US 5601503 A
A golf ball having a multiplicity of dimples in its surface is adjusted to a weight of 40 to 45 grams and a diameter of 43 to 47 mm. The dimples occupy at least 60% of the ball surface and satisfy 0.35.ltoreq.V.sub.0 ≦0.60 wherein V.sub.0 is the volume of the dimple space below a circular plane circumscribed by a dimple edge, divided by the volume of a cylinder whose bottom is the circular plane and whose height is the maximum depth of the dimple from the bottom. The ball is improved in flying performance in that it offers an adequate trajectory and an increased flying distance when hit by an ordinary golfer with a head speed of about 40 m/sec. with a driver or long iron. Hitting feel is also improved.
1. A golf ball having a multiplicity of dimples in its surface, said golf ball having a weight of 40 to 45 grams and a diameter of 43 to 47 mm, wherein
the dimples occupy at least 60% of the ball surface and satisfy the condition:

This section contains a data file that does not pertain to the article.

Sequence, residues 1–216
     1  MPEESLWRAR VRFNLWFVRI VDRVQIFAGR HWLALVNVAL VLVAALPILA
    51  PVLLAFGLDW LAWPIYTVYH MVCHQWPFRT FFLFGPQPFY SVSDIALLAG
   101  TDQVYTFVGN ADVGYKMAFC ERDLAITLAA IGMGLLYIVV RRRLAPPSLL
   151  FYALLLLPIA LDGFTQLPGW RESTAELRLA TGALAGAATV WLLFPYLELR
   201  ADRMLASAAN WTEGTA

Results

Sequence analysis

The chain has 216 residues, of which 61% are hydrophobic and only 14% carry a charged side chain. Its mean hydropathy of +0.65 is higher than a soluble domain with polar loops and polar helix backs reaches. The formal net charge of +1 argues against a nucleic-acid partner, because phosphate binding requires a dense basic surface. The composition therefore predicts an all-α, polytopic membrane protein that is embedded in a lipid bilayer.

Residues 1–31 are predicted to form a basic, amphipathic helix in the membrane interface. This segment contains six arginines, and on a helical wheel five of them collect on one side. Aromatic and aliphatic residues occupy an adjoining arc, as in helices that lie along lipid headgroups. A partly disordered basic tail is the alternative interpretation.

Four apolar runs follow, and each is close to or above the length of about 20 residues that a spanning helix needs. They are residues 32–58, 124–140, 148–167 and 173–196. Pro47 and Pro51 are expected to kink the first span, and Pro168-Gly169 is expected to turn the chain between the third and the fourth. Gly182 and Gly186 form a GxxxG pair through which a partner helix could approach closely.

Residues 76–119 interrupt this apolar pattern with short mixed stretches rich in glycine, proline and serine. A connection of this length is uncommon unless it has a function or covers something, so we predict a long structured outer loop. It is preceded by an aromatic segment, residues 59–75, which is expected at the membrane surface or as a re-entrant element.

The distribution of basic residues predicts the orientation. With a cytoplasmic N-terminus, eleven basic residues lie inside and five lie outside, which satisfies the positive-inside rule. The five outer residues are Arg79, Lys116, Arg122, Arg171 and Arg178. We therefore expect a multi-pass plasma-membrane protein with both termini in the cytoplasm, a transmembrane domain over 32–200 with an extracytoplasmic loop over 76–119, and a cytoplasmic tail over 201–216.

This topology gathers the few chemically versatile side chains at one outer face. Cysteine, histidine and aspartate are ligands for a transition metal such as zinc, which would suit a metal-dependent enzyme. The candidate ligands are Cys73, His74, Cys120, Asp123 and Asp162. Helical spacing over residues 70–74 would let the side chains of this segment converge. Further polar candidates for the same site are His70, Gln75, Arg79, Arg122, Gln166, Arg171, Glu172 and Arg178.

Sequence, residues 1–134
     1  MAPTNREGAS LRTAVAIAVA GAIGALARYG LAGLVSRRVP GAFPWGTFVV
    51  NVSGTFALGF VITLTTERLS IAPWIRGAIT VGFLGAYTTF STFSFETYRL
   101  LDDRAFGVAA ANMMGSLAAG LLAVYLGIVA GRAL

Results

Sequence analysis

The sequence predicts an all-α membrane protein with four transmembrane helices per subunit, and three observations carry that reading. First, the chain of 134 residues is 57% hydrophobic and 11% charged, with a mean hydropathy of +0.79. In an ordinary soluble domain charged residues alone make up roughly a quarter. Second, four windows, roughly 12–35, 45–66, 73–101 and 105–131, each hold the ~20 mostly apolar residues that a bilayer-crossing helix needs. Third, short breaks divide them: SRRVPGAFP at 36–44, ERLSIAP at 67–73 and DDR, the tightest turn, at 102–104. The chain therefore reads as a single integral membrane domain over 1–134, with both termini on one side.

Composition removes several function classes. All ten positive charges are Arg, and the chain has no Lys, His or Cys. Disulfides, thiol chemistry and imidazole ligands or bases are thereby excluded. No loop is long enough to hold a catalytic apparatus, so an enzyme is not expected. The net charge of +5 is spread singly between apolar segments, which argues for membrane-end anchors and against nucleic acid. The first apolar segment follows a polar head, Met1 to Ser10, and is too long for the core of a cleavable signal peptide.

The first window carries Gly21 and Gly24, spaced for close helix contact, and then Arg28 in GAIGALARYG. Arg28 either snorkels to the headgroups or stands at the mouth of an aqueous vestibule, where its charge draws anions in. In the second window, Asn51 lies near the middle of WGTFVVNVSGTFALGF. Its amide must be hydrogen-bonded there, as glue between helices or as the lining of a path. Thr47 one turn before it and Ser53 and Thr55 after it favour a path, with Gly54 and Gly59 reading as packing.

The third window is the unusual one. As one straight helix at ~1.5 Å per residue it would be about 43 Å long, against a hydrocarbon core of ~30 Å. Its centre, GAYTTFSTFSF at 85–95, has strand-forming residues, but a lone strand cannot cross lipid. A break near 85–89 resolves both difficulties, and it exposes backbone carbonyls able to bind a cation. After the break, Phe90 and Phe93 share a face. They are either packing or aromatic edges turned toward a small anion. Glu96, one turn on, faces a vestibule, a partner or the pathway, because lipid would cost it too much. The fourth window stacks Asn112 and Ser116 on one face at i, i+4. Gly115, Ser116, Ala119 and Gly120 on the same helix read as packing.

wherein provided that each dimple has a circular edge, V.sub.0 is the volume of the dimple space below a circular plane circumscribed by the dimple edge, divided by the volume of a cylinder whose bottom is said circular plane and whose height is the maximum depth of the dimple from the bottom.
1. Field of the Invention
This invention relates to solid golf balls suitable for those golfers who swing at a head speed of about 40 m/sec.
2. Prior Art
For golf balls, various proposals have been made for improving their flying distance and hitting feel. Most of these advanced golf balls are adjusted so as to exert optimum performance when hit at a head speed of about 45 m/sec. They are not necessarily best suited for ordinary golfers who swing at a head speed of about 40 m/sec. It is commonly seen that ordinary golfers are disappointed with flying distances shorter than expected when they shoot balls with a driver, probably because the balls tend to follow a low trajectory.
An object of the present invention is to provide a novel and improved golf ball suitable for ordinary golfers who swing at a head speed of about 40 m/sec. which offers an increased flying distance and a pleasant feel especially when hit with a driver.